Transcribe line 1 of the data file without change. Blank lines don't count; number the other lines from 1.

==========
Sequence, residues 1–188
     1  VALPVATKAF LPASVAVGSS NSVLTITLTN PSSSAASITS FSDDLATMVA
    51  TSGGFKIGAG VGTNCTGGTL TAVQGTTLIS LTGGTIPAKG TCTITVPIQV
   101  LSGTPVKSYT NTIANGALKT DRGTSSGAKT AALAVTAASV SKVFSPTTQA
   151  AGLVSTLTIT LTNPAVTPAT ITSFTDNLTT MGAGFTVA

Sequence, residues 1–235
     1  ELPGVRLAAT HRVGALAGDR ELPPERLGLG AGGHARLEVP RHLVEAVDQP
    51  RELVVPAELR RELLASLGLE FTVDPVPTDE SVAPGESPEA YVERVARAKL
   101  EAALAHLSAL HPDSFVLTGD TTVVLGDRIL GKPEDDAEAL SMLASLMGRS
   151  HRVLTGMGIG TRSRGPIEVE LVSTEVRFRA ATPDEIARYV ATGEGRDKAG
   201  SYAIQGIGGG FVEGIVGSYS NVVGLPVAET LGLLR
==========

Sequence, residues 1–188